04/04/2016 12:31 PM AEST | Updated 15/07/2016 12:51 PM AEST

Movies Never Change, But The People Who Watch Them Do

via Fairfax

Something happens to me whenever I watch 'Zoolander' (the first, not the second). I am transported to the early 2000s when my friends and I crowded around a tiny desktop in my grubby, student accommodation to watch the movie. It is still the funniest, most quotable, greatest male-model-turned-secret-assassin movie ever made and, every time I re-watch it, I am reminded of my university life, my friends and the many photos of us with the "blue steel" look.

This year, though, when I rewatched 'Zoolander', it hit me that David Bowie will never judge a fictitious fashion walk-off again, and that made me melancholy.

Now, I am a creature of habit. I have a 'go to' movie for every occasion ('Love Actually' for Christmas, 'Mean Girls' for when I'm recovering from a cold), so I constantly find myself re-watching movies in the way some people look forward to greeting old friends. And, just like with old friends, I find myself reacting differently to a movie after each viewing.

*Spoiler alert*

Take, for example, 'Lost in Translation'. When I first saw this movie in 2004, I could not relate to these privileged people and their first-world problems. Oh woe is my life as I stay in this grand hotel and enjoy the perks of being an aging star or moneyed young wife. Must be a drag, traveling and experiencing the insanity that is Tokyo.

Since then, I have traveled a bit myself and now understand this movie better. Traveling can be lonely. A hotel is not a home. Being in a city where you don't speak the language can be frustrating. Bill Murray (Bob) and Scarlett Johanssen (Charlotte) play the roles of two lonely people looking for companionship with so much quiet sadness. There is no sex, no expressions of love, no discussions about leaving their partners for each other. Just a night out, a karaoke session and roaming the streets of Tokyo. It shows how cities are only as good as the company you keep.

'Jerry McGuire' is another movie that reminds me how much I've grown up. When I first saw this movie as a teen, I only noticed the obvious: Tom Cruise (Jerry) is a sports agent who gets fired, creates a legend of his loveable but demanding football player client (Cuba Gooding Jr as Rod) and makes an impassioned speech to win back Renee Zellweger (Dorothy). There was also an adorable kid (Jonathan Lipnicki as Ray) who stole a few scenes.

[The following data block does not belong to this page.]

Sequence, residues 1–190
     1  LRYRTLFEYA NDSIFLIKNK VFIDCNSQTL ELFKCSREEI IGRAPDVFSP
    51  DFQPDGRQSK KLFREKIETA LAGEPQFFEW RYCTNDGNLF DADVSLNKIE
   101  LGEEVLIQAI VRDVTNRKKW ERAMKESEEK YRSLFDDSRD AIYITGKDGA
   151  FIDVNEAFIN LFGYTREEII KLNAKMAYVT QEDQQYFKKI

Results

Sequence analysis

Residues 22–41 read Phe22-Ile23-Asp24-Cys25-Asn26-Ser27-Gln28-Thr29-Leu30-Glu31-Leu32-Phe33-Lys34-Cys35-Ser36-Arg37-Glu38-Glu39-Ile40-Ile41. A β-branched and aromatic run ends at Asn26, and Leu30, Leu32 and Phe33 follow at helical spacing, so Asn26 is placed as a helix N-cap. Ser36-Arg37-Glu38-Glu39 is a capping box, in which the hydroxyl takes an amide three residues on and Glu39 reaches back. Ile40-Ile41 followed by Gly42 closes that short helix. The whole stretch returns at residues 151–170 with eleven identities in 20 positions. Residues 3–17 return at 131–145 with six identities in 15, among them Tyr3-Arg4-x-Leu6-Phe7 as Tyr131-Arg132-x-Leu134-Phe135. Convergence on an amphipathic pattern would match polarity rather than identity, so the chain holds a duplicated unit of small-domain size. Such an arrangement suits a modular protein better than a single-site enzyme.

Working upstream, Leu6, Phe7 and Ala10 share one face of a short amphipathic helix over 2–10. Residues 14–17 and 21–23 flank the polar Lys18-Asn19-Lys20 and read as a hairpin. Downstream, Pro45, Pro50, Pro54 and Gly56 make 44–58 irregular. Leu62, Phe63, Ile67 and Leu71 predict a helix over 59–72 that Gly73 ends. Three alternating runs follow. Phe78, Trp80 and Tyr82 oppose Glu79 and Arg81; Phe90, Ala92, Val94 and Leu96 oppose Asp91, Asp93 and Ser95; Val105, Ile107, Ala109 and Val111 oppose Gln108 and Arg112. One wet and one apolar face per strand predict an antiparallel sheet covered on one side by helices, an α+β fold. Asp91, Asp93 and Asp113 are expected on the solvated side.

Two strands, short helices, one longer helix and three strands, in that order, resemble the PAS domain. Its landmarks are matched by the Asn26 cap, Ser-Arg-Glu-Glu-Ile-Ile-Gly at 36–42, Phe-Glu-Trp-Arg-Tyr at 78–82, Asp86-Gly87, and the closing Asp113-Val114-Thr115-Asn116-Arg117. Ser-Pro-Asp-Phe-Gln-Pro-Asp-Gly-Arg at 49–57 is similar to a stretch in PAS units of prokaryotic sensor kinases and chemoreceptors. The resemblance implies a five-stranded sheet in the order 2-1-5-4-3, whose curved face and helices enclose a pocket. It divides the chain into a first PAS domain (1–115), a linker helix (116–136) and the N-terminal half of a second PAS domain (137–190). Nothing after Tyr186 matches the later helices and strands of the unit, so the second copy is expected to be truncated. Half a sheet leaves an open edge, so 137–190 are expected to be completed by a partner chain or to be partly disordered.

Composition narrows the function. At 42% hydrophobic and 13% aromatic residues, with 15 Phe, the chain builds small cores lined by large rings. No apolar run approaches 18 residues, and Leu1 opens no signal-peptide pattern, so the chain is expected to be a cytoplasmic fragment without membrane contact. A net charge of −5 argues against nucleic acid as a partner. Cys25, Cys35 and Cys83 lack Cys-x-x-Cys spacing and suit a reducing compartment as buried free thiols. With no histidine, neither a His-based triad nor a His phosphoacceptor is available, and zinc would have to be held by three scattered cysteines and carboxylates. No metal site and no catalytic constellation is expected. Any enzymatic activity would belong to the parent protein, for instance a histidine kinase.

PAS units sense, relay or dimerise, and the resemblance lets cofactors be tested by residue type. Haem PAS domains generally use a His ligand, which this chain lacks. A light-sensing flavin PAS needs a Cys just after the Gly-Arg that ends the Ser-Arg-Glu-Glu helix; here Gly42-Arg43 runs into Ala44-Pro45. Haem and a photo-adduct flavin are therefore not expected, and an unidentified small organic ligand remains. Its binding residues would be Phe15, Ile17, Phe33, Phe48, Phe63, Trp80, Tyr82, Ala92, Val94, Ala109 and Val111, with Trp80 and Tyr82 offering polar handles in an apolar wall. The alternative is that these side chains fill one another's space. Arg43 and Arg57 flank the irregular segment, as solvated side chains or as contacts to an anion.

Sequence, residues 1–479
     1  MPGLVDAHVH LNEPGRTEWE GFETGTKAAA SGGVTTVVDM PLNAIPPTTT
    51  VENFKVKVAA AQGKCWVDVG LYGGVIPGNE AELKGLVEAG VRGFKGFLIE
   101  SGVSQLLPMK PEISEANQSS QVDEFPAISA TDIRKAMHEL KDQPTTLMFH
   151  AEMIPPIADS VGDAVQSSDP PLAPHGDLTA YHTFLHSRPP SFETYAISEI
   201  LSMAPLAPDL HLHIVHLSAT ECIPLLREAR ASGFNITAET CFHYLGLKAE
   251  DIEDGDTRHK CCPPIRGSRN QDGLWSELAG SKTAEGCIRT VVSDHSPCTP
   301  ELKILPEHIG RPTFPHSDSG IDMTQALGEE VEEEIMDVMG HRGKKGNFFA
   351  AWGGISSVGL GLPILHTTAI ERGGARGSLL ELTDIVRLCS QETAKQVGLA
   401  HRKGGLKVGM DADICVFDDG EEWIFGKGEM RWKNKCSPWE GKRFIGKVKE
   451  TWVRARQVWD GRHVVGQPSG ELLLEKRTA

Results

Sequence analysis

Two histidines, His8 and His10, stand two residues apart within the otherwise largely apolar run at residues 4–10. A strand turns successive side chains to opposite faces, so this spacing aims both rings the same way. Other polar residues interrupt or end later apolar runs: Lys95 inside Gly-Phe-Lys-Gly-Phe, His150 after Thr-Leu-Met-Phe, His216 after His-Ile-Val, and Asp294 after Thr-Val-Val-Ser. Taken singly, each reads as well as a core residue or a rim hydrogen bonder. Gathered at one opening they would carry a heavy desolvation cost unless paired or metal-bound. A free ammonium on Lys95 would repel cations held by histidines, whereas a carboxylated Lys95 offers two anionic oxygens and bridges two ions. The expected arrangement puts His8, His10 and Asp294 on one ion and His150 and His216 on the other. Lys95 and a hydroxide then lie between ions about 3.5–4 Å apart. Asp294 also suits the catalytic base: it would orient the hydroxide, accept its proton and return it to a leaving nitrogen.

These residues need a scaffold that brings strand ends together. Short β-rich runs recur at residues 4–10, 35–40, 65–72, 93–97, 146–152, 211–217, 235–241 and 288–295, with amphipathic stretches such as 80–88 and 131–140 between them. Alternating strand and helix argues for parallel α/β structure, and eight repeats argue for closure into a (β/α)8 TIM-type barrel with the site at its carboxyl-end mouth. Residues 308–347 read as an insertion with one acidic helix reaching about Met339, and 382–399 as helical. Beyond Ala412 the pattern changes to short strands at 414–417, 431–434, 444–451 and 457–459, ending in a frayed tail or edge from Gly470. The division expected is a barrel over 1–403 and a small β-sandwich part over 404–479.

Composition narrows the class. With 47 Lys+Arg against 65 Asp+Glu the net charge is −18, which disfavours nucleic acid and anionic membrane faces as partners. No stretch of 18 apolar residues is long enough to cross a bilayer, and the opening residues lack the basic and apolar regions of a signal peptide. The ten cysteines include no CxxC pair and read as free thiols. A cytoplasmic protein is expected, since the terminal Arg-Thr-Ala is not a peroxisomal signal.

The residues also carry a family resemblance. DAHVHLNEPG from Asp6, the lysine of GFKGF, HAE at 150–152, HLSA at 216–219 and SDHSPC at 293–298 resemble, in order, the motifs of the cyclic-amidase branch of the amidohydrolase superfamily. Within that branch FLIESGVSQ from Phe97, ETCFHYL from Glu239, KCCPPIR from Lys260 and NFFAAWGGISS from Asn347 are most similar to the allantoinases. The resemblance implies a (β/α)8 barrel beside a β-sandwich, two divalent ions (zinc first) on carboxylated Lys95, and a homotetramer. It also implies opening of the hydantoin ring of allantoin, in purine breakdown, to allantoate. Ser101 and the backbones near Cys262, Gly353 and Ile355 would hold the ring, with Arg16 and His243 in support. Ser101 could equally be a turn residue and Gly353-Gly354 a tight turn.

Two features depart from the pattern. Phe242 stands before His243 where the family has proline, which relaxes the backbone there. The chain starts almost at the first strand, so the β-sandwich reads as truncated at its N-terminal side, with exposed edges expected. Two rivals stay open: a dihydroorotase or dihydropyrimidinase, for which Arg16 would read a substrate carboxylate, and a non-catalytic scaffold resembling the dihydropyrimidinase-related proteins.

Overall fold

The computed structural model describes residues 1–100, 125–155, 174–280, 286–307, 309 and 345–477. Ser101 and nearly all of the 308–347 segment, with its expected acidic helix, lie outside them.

Over the years, I noticed other things. In my mid twenties, I realised how difficult it must be for the 26-year-old Dorothy to raise a child alone. As a 30-something business consultant, I better understood Jerry's workplace politics and could empathise with being burnt out, taking a stand and getting fired and then trying to start a business against all odds. The movie has aged so well for me because, with each viewing, I take away what I want, based on where I am in my own life.

There are other movies such as '(500) days of summer' where my sympathy for the lead character has changed over time. This movie is a quirky story of boy meets girl, boy falls in love but girl does not, boy then becomes a blubbering mess. At the first viewing, I thought Summer (Zooey Deschanel) was a cold, mean hypocrite. Despite all her talk about not wanting to be tied down, she made an effort to connect with Tom (Joseph Gordon-Levitt). They even went dating in Ikea, a time-honored tradition for nesting couples. But Summer leaves Tom and marries someone else soon after. So what she really meant was, she did not want to be tied down to Tom.

When I watched it the second time, I found Tom irritating. He was not a hopeless romantic but cloying, overly emotional and insecure. He imagined Summer as the perfect girl for him and went to pieces when she maintained her original position: not interested.

Sometimes I re-watch movies to test if I still like it after the hype. Many movies pass the test, from the cheesy 'Top Gun' to the highbrow 'Annie Hall', but there is one category of movies that fail and those are movies directed by Wes Anderson.

See, Wes Anderson is an auteur. When people say, "a Wes Anderson movie", you know what to expect, like when people say a Tarantino or Spielberg movie. I like Wes Anderson's movies -- 'Rushmore', 'The Royal Tenenbaums', 'The Darjeeling Limited' -- the first time I watch them. The movies have a deliberate and languid pace and are visually stimulating, the characters are quirky, loveable losers and the soundtracks have an offbeat, folksy vibe.

But on the second viewing, I start to dislike everything I thought was interesting at the first viewing. The deadpan humour is not as funny. The pace is no longer languid; it is just infuriatingly slow. And are all those random bits of slow-motion action supposed to be artistic?

See, I don't need my movies to be stylish and visually pleasing. I just need them to have enough depth and clever references so that when I re-watch it, I can discover things that I missed the first time. After all, what are movies if not the gift that keeps giving?